17th February 2016
A World War One commemorative plaque dedicated to John William Bacon and found in a coal shed in Low Street, has been reunited with the Bacon family.
22-year old ‘Jack’ Bacon, a Lance Corporal in the 11th Battalion King’s Royal Rifle Corps, was killed in action on the Somme on September 3rd 1916. Before enlisting he had lived with his widowed mother, Mary Ann, and his siblings in part of the house now called ‘Cleave Cottage’, owned by Mr and Mrs C Allen.
After finding the slightly damaged bronze plaque in his coal shed, which was formerly the pig sty, Mr Allen put a notice in Fleet magazine and descendants of Jack’s family came forward.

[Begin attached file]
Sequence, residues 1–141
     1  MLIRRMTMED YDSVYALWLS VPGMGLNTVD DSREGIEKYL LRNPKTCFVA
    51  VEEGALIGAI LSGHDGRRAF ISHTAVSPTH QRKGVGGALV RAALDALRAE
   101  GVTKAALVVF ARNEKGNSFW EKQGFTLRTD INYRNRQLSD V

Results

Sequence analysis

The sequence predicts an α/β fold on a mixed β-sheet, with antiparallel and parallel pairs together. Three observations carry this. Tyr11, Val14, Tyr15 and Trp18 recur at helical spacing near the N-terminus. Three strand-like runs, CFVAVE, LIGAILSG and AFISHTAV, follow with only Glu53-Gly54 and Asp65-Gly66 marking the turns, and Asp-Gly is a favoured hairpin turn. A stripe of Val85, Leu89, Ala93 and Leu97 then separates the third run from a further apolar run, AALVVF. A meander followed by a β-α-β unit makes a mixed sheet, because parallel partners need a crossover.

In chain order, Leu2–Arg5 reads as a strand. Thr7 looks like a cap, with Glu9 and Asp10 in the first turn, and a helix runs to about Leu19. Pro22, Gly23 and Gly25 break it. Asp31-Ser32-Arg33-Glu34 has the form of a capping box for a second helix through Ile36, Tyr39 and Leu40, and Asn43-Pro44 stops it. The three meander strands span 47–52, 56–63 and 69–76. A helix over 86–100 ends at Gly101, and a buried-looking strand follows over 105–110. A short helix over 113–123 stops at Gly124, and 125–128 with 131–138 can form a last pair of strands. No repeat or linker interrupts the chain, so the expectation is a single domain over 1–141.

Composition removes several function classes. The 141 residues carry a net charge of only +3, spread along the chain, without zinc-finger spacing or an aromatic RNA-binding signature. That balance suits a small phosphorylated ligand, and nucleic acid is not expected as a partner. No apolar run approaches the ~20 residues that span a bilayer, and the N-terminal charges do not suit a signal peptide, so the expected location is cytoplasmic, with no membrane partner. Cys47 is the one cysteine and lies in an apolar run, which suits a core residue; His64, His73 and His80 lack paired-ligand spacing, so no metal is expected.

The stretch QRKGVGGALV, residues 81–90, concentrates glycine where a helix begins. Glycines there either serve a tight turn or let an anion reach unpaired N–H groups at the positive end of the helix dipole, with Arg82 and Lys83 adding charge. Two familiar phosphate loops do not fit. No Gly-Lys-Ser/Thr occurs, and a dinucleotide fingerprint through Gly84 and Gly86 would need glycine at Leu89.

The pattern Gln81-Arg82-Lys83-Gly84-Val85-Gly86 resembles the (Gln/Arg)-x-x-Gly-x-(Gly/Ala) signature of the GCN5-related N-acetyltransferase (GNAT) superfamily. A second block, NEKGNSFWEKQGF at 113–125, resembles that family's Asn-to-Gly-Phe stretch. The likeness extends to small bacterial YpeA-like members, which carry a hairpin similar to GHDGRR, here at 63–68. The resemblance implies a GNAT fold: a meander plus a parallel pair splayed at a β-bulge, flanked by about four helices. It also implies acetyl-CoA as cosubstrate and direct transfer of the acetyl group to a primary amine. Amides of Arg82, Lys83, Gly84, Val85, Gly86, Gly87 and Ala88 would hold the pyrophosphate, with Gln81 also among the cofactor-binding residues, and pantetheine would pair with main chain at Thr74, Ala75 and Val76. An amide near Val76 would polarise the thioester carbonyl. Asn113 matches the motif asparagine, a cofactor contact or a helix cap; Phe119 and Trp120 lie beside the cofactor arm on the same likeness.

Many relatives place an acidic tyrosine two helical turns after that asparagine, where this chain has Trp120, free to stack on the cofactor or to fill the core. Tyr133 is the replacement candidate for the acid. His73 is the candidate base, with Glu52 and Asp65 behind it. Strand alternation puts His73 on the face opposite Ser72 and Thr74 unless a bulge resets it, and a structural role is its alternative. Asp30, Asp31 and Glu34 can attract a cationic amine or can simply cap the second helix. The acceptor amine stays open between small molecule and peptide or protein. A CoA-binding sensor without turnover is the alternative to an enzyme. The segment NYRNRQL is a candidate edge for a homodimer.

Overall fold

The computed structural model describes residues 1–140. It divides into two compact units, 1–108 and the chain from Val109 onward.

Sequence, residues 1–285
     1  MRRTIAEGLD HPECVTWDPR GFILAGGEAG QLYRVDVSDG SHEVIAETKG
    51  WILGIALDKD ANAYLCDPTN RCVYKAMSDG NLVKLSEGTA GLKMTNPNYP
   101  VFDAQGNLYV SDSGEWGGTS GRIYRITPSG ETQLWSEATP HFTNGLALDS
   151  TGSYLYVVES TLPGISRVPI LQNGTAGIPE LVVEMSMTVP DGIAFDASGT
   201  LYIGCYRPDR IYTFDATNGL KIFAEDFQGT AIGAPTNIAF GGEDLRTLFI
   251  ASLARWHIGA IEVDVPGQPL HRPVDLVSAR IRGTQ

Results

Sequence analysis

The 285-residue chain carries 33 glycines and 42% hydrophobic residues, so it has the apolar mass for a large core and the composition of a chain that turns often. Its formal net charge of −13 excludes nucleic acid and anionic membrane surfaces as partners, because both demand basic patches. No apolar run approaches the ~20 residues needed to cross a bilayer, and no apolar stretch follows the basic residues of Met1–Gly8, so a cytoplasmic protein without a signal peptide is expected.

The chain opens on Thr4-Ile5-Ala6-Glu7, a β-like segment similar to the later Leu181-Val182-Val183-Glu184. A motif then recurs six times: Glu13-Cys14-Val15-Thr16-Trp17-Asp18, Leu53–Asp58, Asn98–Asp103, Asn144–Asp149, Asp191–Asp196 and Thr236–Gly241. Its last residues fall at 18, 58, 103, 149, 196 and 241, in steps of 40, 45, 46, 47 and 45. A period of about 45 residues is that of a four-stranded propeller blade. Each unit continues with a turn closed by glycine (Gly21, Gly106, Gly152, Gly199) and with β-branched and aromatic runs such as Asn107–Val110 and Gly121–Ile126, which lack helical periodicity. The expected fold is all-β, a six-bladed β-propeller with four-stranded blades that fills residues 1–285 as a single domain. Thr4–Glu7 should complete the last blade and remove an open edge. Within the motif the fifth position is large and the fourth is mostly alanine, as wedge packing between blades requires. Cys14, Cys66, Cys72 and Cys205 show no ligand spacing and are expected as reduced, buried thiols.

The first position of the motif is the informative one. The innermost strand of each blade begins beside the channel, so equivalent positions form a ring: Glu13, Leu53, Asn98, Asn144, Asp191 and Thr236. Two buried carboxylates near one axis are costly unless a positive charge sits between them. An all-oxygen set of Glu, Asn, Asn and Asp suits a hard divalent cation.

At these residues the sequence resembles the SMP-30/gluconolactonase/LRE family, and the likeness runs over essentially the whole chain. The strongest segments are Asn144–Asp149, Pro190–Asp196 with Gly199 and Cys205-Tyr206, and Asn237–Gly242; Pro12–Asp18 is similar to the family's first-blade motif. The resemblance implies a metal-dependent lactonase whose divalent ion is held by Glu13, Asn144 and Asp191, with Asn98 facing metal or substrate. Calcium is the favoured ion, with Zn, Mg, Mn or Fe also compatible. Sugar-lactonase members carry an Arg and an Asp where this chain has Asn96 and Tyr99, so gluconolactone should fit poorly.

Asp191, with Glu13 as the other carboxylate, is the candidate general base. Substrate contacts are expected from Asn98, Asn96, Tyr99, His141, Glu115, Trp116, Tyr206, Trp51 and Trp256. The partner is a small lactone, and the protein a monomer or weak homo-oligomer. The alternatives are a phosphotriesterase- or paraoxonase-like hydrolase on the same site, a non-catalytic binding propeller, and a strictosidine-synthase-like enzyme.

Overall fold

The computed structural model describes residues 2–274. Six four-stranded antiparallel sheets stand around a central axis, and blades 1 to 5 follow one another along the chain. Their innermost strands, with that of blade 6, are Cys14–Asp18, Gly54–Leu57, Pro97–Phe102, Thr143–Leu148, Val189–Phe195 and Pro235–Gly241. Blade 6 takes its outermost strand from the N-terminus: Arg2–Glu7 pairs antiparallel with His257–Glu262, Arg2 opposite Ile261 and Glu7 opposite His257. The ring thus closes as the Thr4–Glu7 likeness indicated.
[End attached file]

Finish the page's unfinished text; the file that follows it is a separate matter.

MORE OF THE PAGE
Mrs Brenda Sills (left) of Saxilby and Mrs Alice Bellamy of Collingham. Mrs Sills’ grandmother was Jack’s younger sister, Florence (born c 1898). Mrs Bellamy’s grandmother was Louisa Bacon, Jack’s great-aunt.
The plaque found in the coal shed
John William Bacon’s older brother, Thomas, was also killed in WW1.
Photograph c 1902 kindly donated by Mrs Sills shows Mary Ann Bacon with her children, Thomas, Jack, Sarah, George (on lap) and Florence. Another child, Arthur, was born shortly after Mary Ann’s husband, George, died in 1904, of yellow fever. Mary Ann is said to have taken in washing to make ends meet. She died in 1939. At the outbreak of the first world war, Jack was working as a porter for the Midland Railway and Thomas was a baker and confectioner in the village.